What did the planet feel like 3 million years ago? Well, most of us alive today might find out.
UW-Madison geography professor Jack Williams’ study published this week shows that by 2030, the earth’s climate will resemble the pliocene — the dawn of human evolution, when the climate looked starkly different than it does now.
Williams explains what it was like back then
“There’s really no large ice sheets in the northern hemisphere,” Williams says. “And at that time sea level was about 60 feet higher than present, because all that ice that is in the Northern hemisphere today was in the oceans back then.”
That doesn’t mean there won’t be ice sheet in 2030 though, because they take a long time to melt.
But Williams’ team found that if humans don’t reverse their C02 use, the climate clock could tick back exponentially more in the next hundred years. Their model suggests if that’s the case then by 2150, we could find ourselves in a climate that looks like earth 50 million years ago.
That time period is called the Eocene, the period just after the dinosaurs went extinct and the dawn of the first mammal species.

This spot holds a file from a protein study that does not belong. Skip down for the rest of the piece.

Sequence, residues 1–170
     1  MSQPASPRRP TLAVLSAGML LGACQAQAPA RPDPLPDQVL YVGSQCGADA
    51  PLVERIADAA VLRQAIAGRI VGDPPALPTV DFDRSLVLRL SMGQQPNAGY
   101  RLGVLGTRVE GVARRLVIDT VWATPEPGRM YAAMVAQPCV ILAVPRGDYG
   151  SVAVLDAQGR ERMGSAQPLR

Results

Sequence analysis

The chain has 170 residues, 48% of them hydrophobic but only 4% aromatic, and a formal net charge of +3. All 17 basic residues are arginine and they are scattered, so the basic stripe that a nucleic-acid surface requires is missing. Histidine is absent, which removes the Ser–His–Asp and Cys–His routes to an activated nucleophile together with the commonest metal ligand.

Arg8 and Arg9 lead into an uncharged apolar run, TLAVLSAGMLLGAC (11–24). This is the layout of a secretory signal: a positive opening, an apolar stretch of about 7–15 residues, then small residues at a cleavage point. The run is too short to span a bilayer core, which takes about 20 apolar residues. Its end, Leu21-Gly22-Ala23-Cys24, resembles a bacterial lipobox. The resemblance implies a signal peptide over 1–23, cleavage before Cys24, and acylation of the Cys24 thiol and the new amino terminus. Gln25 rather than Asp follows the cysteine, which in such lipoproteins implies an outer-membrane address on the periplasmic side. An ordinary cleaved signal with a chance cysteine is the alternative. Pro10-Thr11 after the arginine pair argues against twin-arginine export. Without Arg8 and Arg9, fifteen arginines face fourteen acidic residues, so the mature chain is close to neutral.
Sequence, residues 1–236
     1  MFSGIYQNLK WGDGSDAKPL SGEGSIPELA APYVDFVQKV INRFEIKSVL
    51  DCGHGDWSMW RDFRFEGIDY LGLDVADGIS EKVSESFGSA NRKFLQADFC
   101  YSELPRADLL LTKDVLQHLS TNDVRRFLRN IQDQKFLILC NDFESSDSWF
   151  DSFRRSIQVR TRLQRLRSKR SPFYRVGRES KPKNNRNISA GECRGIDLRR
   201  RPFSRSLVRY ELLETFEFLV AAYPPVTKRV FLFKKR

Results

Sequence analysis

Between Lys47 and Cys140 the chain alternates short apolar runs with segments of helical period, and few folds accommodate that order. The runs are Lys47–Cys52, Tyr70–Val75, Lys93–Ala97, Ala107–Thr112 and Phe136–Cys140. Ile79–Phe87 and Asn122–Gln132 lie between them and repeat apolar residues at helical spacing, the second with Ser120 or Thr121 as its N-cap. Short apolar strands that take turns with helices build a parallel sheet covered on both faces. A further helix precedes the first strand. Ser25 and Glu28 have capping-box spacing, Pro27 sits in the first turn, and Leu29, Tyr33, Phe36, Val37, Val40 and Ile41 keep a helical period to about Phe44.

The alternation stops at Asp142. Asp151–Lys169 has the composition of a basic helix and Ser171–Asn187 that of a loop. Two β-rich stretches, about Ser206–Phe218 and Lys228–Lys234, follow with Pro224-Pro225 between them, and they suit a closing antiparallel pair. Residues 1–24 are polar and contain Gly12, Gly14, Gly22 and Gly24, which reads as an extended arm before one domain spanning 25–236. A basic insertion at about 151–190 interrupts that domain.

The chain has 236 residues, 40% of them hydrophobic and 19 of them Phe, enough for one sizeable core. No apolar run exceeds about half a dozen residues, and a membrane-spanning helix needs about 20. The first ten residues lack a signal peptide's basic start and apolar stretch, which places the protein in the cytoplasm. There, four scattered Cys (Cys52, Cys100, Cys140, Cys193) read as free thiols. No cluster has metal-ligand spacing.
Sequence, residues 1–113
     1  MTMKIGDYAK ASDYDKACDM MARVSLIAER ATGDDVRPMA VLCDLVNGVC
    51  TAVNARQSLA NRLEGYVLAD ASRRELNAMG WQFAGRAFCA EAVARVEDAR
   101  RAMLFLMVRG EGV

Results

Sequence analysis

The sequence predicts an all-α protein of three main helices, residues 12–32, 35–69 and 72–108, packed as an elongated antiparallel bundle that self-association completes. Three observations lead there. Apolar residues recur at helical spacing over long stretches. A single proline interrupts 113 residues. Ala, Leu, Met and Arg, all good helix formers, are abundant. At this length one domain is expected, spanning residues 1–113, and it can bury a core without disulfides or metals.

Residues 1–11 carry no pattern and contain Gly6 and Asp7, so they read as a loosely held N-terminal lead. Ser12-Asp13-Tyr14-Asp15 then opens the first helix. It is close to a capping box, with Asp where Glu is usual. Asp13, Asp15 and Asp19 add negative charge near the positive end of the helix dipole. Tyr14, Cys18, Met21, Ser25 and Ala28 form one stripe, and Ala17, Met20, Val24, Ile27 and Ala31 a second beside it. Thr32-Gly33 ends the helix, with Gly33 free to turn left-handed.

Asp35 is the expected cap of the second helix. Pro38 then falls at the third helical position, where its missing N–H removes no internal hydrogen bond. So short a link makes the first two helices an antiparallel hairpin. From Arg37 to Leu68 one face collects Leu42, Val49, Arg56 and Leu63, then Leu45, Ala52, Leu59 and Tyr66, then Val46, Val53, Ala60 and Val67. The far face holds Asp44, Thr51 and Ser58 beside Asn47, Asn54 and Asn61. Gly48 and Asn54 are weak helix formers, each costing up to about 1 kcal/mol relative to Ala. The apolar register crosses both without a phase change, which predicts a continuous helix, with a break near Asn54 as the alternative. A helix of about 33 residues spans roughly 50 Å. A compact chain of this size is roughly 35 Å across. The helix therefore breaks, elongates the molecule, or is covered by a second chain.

“The Eocene is almost unrecognizable in our modern perspective,” Williams says. “Where today we have ice sheets, they had swamps.”
While these are climates the earth has seen before, the alarming piece is how quickly our climate is changing, Williams says.
“The concern is that this is going to happening very quickly, and much more quickly than it’s happened in past geological climate change events,” Williams says. “We have seen a species can adapt to past climates by evolving or moving. But the rates of change expected this century have few counterparts in the past.”
We’re already seeing the effects of a changing climate, Williams says. Here in Madison, record rainfalls caused widespread damage this August and September. More frequent deadly fires and hurricanes across the country are also evidence of climate change.
Williams says the only way to ease the trend of going back in time climate-wise is breakthroughs in technology and a shift in how the topic’s discussed in politics. He wasn’t comforted by stalemates at climate talks among world leaders in Poland this week.
The international climate summit in Poland is wrapping up its second week of negotiations on how to implement the Paris climate agreement and combat climate change.